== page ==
F1 doctor explains Grosjean's escape from burning car
Formula 1 medical delegate Ian Roberts says that a blast of extinguishant that beat back the flames allowed him to help Romain Grosjean out of his burning car in Bahrain.
Roberts was widely praised after he, FIA medical car driver Alan van der Merwe and local marshals rushed to Grosjean's aid after the Frenchman's huge crash on the first lap of the race.
The Frenchman escaped with burns to his hands but will spend the night in hospital.
"There was a massive flame and we arrived to a very odd scene where you've got half a car pointing in the wrong direction and just across the barrier a mass of heat," Roberts told Sky F1.
"Then looking to the right at that point, I could see Romain trying to get up.
"We needed some way of getting to him, so we got the marshal there with the extinguisher, and the extinguisher was just enough to push the flame away as Romain got high enough, so I could reach over and pull him over the barrier."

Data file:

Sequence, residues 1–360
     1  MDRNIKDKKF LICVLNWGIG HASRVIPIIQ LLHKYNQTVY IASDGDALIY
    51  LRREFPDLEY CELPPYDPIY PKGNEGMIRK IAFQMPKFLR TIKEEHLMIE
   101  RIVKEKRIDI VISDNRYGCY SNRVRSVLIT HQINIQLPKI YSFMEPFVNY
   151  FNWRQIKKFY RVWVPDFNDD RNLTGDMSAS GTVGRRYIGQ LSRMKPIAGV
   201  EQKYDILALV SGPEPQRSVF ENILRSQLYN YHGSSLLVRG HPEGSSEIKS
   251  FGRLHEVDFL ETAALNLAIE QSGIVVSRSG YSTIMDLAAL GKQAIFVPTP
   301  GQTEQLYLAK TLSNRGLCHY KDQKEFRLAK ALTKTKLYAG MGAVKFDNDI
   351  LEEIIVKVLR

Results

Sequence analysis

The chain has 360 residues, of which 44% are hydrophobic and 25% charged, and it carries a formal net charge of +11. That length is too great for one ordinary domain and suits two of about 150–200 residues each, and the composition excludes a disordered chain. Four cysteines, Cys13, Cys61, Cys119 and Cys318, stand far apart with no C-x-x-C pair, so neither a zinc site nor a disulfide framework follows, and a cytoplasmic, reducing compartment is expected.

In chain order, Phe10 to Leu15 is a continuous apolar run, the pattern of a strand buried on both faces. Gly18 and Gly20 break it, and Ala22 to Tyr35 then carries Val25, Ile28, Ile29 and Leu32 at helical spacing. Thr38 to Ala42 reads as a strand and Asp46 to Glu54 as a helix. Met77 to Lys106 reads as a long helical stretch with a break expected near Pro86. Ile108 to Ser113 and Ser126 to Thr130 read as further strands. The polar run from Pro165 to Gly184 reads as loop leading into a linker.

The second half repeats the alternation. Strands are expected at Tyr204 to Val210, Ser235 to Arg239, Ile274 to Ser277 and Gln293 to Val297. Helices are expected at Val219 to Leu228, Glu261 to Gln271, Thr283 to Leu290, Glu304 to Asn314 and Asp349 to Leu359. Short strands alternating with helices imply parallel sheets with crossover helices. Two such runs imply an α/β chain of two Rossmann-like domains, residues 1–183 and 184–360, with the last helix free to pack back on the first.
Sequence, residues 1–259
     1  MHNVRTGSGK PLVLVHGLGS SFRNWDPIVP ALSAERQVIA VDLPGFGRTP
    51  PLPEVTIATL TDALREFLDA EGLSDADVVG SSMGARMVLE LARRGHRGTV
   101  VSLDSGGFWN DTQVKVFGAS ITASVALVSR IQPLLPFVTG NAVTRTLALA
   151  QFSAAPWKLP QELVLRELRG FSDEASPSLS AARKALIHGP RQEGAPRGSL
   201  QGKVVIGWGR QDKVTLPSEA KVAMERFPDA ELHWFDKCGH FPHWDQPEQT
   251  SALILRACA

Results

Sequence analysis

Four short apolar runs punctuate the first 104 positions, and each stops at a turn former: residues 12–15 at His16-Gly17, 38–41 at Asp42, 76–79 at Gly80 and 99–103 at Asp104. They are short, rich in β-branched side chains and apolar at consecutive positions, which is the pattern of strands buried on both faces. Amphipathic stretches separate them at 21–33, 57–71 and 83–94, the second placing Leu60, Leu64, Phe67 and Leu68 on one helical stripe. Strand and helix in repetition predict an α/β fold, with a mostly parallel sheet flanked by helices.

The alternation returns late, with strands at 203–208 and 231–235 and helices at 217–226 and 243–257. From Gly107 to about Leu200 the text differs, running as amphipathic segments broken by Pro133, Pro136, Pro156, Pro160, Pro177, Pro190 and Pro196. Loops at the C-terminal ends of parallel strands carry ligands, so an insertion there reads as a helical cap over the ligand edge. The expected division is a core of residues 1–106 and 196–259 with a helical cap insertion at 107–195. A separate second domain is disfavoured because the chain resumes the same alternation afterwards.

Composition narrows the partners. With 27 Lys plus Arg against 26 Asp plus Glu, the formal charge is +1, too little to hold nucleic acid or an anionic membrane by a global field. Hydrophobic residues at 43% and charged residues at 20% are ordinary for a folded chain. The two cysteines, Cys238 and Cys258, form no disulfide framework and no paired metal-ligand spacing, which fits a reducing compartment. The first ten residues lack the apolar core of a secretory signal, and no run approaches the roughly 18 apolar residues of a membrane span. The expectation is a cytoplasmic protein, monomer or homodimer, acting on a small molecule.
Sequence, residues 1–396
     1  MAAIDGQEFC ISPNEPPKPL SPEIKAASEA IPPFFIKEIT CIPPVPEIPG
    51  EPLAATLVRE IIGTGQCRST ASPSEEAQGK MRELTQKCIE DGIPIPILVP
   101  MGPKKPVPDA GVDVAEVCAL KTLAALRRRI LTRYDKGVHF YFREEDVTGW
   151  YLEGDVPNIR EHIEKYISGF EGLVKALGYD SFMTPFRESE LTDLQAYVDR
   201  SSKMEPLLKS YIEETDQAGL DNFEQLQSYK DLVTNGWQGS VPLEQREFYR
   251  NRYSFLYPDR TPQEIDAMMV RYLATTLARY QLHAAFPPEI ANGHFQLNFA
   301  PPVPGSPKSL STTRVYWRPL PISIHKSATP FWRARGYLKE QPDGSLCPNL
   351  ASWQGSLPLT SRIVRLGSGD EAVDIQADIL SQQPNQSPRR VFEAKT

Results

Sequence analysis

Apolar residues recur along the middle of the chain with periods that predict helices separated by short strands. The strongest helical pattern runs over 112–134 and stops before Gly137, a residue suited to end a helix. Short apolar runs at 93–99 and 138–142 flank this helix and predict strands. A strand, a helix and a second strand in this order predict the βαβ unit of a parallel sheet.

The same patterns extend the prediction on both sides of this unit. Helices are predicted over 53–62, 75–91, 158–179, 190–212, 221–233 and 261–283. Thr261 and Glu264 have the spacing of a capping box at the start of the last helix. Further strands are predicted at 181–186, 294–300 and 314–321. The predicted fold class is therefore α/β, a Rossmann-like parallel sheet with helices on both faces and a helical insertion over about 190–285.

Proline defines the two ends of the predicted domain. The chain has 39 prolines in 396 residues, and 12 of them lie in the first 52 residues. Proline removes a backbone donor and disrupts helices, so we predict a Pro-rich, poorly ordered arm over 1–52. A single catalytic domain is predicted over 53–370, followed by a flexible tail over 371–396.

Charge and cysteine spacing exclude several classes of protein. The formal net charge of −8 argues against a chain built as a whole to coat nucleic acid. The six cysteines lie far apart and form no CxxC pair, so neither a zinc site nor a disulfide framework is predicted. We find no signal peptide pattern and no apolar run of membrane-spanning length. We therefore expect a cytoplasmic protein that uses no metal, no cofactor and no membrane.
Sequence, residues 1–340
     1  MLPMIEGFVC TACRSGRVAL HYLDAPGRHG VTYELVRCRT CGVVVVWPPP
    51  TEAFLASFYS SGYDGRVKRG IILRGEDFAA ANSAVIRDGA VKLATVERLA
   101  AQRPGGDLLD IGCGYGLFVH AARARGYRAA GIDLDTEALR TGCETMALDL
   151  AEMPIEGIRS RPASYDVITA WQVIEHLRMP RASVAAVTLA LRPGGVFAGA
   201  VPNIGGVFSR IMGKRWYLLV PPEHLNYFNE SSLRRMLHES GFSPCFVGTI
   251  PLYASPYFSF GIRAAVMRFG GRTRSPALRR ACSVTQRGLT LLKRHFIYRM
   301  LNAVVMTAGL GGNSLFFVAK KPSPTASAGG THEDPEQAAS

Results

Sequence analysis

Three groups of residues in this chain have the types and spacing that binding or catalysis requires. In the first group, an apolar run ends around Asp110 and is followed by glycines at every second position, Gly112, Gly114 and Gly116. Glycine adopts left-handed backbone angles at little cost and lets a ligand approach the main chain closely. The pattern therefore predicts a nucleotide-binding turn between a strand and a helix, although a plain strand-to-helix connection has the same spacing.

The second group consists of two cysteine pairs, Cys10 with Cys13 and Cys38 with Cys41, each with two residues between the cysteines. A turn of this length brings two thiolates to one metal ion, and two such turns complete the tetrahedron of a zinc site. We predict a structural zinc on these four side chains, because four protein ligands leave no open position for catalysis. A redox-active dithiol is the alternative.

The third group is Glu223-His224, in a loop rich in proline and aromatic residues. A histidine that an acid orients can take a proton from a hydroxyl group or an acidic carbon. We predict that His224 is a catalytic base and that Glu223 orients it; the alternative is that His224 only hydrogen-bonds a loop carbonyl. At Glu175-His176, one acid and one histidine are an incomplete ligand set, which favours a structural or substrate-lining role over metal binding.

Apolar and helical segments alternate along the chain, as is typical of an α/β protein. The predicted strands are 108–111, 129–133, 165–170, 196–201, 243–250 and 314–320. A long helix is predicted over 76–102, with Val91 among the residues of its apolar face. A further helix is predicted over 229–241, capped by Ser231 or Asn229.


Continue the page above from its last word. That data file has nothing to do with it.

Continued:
Roberts led Grosjean to the medical and gave him a quick check over.
"I think I told him to sit down. He was obviously very shaky, and his visor was completely opaque, and in fact melted. I managed to get his helmet off to check everything else was OK.
"It was going to be flames, smoke inhalation, airway issues, and that nothing went up to his helmet, and we had a look at the helmet as well.
"But looking at him clinically we were quite happy with him from a life-threatening injury point of view, so it was about making him comfortable from the injuries we could see.
"He'd got some pain in his foot and hands, so from that point we knew it was safe enough to move him around into the car for protection and get some gel on to his burns, and then into the ambulance and to the medical centre."
Medical car driver Alan van der Merwe stressed the incident showed how practice paid off.
"A lot of it is down to preparation," he said. "When you get to something like this, and we've not seen this combination before.
"I've not seen fire like this in my stint as the medical car driver, and a lot of it new and unknown territory, so we can only be as prepared as our own ideas.
"We do a lot of checklists and a lot of preparation, talking about scenarios, but this was crazy.
"Honestly, to get there and to see half of the car and the other half nowhere to be seen and just a huge ball of flames so you have literally seconds, thinking on your feet, so preparation only gets you so far. Then it is down to instincts and quick thinking."
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